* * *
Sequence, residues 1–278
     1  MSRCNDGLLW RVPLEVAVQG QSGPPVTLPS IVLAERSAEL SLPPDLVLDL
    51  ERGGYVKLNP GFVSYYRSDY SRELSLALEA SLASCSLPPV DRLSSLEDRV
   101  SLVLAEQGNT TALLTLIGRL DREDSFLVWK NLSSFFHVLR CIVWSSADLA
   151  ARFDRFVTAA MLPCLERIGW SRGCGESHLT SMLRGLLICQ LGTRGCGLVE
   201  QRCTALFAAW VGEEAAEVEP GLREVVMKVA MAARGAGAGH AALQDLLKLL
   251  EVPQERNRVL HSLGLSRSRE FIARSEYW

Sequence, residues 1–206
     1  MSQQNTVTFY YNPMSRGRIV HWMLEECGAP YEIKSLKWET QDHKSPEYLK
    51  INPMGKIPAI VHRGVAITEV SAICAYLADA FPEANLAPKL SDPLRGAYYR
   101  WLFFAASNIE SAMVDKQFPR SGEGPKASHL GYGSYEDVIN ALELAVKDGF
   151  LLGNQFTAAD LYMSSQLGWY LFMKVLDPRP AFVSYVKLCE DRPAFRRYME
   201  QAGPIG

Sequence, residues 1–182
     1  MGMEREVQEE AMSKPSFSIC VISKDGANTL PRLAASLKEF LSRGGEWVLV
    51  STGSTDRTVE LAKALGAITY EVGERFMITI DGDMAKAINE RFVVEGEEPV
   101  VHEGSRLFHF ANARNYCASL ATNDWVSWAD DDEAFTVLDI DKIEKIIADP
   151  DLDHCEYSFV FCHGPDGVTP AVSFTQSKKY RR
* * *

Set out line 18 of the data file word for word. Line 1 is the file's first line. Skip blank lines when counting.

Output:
   151  DLDHCEYSFV FCHGPDGVTP AVSFTQSKKY RR